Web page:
What that last bit means to you, the player, is that you’ll see ghostly shapes of things that happened during the crime and have to glean their significance. Once you’ve gathered enough clues, the game will prompt you to put the events in proper order so that you can figure out exactly what happened. While some investigations are more complicated than others, it’s always satisfying to piece things together and come to conclusions along with Ronan.
Occasionally, you’ll do some side quests for other ghosts who need help piecing together how they died, and these quick little one-off stories are all really cool, if a little disturbing sometimes. And more than that, they reinforce Ronan’s larger quest to get closure on his own death.
Do you know what I’m tired of in games? Locked doors.
I couldn’t begin to count the number of levels I’ve had to scour for ridiculously named keys or gems that open arbitrarily locked doors. It reeks of padding and needless frustration.
Murdered has exactly zero of these. Why? Because you’re a goddamned ghost, and you can just walk through that stuff. It’s awesome.
While a few rules govern what Ronan can and cannot ghost on through, they at least make sense. Outside doors and walls are off-limits unless they’re open, and that’s fine because otherwise the entire game world would have to be one unbroken map, and we couldn’t even begin to conceive of the load times there. The phantom detective also can’t go through other phantom things, and that makes sense because they’re made of the same ghost stuff that he is.
It all still amounts to map boundaries, but at least it feels like the developers put some thought into making it at least sound logical. Other than that, though, you can just go through everything, and this means that the game has some fun with established formulas.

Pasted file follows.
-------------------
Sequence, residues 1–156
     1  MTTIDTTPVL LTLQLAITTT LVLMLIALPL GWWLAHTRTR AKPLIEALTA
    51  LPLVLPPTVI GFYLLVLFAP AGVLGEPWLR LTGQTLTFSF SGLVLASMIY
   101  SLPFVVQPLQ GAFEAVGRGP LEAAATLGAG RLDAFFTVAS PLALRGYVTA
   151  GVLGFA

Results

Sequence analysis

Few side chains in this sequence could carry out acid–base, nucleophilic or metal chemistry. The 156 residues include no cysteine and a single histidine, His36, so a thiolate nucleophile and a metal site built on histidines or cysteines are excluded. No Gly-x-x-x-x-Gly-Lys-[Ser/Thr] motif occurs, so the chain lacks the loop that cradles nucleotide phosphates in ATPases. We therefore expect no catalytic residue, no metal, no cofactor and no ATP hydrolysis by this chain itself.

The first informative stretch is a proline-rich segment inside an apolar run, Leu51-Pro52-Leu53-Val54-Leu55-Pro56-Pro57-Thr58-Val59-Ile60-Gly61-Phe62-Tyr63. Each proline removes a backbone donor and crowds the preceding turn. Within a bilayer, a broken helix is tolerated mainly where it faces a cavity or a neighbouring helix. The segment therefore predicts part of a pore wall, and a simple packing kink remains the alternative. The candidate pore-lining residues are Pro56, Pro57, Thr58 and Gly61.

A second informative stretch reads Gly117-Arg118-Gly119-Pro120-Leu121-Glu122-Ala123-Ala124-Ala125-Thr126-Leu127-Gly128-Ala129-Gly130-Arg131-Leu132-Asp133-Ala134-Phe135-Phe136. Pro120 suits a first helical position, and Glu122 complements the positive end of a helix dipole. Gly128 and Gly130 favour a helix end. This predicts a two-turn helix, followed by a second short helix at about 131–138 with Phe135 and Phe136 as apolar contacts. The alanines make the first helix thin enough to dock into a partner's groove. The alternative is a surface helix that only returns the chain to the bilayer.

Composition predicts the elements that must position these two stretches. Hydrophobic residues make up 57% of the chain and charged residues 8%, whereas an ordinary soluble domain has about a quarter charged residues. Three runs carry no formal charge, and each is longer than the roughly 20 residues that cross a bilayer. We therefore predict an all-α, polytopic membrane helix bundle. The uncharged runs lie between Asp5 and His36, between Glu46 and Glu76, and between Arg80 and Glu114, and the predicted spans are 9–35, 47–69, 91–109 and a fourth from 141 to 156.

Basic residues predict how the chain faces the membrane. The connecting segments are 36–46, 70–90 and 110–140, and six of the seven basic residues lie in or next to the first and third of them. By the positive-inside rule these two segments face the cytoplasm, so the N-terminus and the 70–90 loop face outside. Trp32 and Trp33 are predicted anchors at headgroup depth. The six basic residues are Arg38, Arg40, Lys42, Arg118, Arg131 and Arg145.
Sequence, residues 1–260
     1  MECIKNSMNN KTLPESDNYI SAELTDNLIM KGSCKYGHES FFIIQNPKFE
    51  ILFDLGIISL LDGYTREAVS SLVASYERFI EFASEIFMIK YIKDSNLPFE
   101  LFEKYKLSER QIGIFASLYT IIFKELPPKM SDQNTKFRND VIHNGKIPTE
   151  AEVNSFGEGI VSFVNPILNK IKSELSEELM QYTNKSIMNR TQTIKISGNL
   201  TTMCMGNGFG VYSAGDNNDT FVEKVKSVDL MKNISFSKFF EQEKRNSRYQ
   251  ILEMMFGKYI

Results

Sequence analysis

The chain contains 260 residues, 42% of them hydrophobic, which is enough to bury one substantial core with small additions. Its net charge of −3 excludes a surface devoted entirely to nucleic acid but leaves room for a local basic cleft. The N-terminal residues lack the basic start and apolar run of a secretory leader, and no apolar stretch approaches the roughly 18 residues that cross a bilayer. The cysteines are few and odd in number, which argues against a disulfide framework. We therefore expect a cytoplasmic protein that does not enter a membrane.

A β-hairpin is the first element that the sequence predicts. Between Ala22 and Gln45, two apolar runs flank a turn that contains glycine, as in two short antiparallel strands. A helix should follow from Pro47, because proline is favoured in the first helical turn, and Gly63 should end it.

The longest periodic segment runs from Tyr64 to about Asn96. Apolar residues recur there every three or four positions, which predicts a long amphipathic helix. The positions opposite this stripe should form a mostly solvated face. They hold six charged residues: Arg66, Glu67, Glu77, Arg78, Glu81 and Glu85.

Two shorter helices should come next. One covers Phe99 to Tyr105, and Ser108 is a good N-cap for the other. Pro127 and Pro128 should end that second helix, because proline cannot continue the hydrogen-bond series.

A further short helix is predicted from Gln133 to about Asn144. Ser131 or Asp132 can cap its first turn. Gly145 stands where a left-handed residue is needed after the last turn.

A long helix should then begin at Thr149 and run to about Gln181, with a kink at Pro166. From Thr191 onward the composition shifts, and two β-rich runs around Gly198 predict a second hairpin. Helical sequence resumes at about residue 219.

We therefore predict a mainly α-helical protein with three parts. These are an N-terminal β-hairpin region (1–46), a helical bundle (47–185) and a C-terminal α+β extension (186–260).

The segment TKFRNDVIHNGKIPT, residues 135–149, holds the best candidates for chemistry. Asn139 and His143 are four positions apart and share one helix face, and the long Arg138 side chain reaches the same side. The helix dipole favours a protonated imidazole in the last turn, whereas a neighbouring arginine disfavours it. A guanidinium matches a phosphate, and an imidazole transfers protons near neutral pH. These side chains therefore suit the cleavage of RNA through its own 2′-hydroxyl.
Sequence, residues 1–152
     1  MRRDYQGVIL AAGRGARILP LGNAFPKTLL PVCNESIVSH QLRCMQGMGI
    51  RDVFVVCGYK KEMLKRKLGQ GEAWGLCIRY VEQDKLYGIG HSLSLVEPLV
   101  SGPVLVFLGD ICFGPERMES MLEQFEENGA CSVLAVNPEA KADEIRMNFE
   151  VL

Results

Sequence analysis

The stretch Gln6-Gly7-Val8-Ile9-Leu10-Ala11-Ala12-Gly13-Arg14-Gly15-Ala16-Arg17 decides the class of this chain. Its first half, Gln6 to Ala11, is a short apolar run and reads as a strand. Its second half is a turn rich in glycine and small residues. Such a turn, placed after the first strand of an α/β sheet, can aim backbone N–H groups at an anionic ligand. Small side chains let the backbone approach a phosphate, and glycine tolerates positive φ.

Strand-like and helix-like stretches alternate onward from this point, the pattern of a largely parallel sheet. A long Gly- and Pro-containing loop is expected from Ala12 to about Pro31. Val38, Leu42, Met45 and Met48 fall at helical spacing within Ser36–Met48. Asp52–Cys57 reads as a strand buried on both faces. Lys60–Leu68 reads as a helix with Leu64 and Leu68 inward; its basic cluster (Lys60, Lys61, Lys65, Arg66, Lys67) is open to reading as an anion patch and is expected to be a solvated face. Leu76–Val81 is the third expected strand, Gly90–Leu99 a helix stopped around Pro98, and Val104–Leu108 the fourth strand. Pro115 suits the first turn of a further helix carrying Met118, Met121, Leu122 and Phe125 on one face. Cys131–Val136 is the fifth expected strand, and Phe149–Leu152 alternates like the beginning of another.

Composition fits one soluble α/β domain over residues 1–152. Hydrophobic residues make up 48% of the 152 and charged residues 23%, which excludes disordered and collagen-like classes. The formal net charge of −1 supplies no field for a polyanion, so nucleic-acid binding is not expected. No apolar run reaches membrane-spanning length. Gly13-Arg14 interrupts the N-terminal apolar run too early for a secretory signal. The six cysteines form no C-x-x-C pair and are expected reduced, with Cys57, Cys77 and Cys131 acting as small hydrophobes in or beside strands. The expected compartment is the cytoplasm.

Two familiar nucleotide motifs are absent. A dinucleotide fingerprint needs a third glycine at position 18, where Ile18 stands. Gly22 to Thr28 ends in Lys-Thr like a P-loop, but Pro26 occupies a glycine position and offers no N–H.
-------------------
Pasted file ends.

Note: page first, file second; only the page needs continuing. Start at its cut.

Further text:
For example, every once in a while you’ll have some light stealth when you try to take out some demons that want to swallow Ronan’s soul (think Dementors from Harry Potter).
To exorcise them, you have to sneak up undetected. But since you can see them through the walls that you can also walk through, this means that you don’t have to worry about corners or making a slow and deliberate approach; you can literally just sit on one side of a wall and step through when they float by. It’s not actually as easy as it sounds, however, since you have to do this out of the sight of any other demons in the area or they’ll gang up on you, but it sure beats having to crawl around every flipping pew in a church to get to the monster that’s five feet away.
Murdered also contains escort missions, but your ghosthood also helps out there. Instead of having to sneak around and also make sure your partner remains invisible, Ronan can just walk around willy-nilly and make phones ring to distract guards and clear a path for his escortee. It’s the least stress I’ve ever felt during one of those stupid things, and I appreciate it.
Ronan’s intangibility is a revelation for level design. It changes what the developer can do (no need to close off areas with arbitrary velvet ropes or chest-high walls) and lets players move around the map in new ways. Far from being a game-breaker, ghosting around permits you to truly go where you want and explore in whichever way you choose.